“When I search for the words to describe her I can't find them. Such words don't exist. They would need to be no more than forms of intent, balanced on the brink of saying, another version of silence. Every mention I make of her is a failure. Even when I say just her name it sounds like an exaggeration. When I write it down it seems impossibly swollen, as if my pen had slipped eight or nine redundant letters into it. Her physical presence itself seemed overdone, a clumsy representation of the essential she. That essence was only to be glimpsed obliquely, on the outer edge of vision, an image always there and always fleeting, like the afterglow of a bright light on the retina.

“If she was never entirely present for me in the flesh, how could I make her to be there for me in the lodge, at night, in the fields on my solitary rambles? I must concentrate on things impassioned by her passing. Anything would do, her sun hat, a pair of muddied wellingtons standing splay-footed at the back door. The very ordinariness of these mementoes was what made them precious. That, and the fact that they were wholly mine. Even she would not know their secret significance. Two little heart-shaped polished patches rubbed on the inner sides of those wellingtons by her slightly knock-kneed walk. The subtle web of light and shade that played over her face through the slack straw of the brim of her hat. Who would notice such things, that did not fix on her with the close-up lens of love?”

Concerning the rest of the family in relation to his feelings the narrator writes:

“They were nearer to Charlotte, in the commonplace world of breakfasts and bedtimes, than I could ever be. And they were the keepers of that most precious thing, her past. That they could not hope to achieve the proximity to her that I did, in my love, was something for which they could not be blamed, but only pitied. I spent hours, a smiling spider, weaving webs to trap them into talking about her, so that it would be always they who appeared to have brought up the subject.”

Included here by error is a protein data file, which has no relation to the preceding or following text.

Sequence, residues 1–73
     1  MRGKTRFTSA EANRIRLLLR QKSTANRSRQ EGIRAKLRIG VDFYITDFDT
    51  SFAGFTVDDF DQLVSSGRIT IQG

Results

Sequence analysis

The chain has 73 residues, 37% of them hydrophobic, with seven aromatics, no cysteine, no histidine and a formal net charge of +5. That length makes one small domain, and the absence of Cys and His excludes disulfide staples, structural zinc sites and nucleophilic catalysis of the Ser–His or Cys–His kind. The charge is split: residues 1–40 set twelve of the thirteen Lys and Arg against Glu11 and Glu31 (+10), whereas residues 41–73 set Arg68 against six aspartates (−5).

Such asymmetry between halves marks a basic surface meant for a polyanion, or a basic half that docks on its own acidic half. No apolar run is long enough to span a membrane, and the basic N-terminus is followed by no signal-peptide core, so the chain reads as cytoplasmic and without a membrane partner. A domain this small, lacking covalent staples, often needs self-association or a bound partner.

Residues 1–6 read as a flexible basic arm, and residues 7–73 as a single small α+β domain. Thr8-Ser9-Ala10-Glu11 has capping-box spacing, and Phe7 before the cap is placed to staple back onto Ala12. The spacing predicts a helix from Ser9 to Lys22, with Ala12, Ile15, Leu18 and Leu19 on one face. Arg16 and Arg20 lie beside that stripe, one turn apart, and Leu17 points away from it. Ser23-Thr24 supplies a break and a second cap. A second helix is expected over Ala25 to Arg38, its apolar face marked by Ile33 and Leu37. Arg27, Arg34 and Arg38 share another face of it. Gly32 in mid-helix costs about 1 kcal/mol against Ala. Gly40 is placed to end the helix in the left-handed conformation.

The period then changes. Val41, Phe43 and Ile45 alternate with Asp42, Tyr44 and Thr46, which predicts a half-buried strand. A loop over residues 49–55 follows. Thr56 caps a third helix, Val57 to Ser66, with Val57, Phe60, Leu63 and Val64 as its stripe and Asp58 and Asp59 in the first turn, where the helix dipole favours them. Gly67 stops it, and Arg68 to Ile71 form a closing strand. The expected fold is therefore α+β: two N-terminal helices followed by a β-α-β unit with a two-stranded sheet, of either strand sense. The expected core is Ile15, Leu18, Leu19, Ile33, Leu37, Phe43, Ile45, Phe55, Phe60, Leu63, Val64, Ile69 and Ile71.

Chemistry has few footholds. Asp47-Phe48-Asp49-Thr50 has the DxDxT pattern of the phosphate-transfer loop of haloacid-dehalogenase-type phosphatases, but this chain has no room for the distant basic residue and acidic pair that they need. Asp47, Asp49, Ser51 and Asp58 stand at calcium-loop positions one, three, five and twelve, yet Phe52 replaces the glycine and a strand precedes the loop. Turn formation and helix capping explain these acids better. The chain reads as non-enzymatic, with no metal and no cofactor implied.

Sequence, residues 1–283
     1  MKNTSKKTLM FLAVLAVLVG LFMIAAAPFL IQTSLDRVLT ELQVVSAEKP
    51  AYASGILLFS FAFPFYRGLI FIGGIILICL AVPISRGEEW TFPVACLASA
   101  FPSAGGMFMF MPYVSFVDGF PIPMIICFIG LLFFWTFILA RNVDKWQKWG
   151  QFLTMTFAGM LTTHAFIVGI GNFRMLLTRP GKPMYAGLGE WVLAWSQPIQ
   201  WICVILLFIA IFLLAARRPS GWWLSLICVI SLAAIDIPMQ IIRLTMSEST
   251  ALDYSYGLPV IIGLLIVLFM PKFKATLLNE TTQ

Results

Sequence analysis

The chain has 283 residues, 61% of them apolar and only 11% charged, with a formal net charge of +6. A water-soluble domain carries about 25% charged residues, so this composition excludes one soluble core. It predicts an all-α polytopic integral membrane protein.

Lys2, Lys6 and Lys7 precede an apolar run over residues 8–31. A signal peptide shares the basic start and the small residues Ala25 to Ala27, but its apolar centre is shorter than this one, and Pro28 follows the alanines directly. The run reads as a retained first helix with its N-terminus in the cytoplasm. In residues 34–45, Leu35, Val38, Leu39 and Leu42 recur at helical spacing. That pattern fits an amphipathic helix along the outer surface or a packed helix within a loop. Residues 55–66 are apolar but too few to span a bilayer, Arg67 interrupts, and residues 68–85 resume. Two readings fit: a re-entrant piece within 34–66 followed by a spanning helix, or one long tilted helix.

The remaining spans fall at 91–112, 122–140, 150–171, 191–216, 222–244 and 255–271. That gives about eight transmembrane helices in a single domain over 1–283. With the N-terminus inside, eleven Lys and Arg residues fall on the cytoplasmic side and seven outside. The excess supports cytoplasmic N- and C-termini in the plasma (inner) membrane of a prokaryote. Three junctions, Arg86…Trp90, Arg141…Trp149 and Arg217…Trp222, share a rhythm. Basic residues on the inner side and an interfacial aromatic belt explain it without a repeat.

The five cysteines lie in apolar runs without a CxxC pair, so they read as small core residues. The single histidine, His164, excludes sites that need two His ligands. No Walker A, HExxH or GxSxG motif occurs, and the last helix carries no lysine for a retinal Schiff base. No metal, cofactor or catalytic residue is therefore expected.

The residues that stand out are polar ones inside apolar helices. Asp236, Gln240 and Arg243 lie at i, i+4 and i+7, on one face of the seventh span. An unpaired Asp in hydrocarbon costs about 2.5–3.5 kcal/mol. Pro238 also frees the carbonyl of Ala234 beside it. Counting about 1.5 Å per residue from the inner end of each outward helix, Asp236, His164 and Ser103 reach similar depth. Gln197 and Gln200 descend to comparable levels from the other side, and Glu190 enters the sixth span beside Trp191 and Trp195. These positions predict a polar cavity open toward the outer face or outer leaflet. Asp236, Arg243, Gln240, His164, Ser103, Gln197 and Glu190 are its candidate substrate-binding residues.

These passages struck me as exceptionally well written bits.

We rather suspect that eventually all will come together in a happily-ever-aftering and he will end up with Charlotte. But such is not to be. For some strange reason the narrator sort of locks up and can’t declare himself to Charlotte, yet behaves in a very strange way with Otillie, intensifying his sexual relationship with her, while yet making it know to her in both actions and words that he wasn’t in any way serious about her and even was getting bored with her.

In contrast to the exceptional writing up to this point, the author seems to get stuck here and carries on the narrator/Otillie dead-end relationship much to long for such a short novel.

Finally, in a moment of monumental bad timing, when Edward, the man of the house, and presumably (but not for sure) Charlotte’s partner if not lover, is in a near death state caused by too much drinking on his already very bad stomach, the narrator makes his move. Here Banville writes brilliantly: the narrator walks up behind the very distraught woman, puts his hands on her shoulders and pours his heart out to her, declaring his love and offering to take her away with him to Dublin. After a moment she turns to him and stutteringly replies: “ ‘I’m sorry’, she said, ‘I wasn’t listening. What did you say?’” The narrator is devastated and leaves the next day.

There is no happily-ever-aftering, but curiously Otillie continues to write him constantly (and we never learn if the narrator writes back), and the he waits daily for these letters he needs so much. Yet he continues to remain alone in his Dublin university job. He does eventually get over this curious episode and finishes his Newton book, but he doesn’t really seem to finish his own story.

In the main Banville writes quite well. Yet I was quite startled by a few images that seemed to me so bad as to howl out loud for editing out of the novel. At one point, during the crisis evening when Edward is passed out on the floor and Charlotte comes in with her nightgown on, the narrator says: “Less Cranch now than El Greco.” That came out of nowhere and was so silly it left me laughing. Soon after he describes Edward as looking “… like a murdered pavement artist.” It was sort of hard for me that Banville could write (and leave in the novel) those images when the bulk of the novel was so well written.

This is a curious story, one that gripped me greatly in the early and middle parts, then sort of slipped away from Banville at the end. It sort of fizzles out rather than ends with authority.

Bob Corbett

Becoming Reading Thinking Journals


Bob Corbett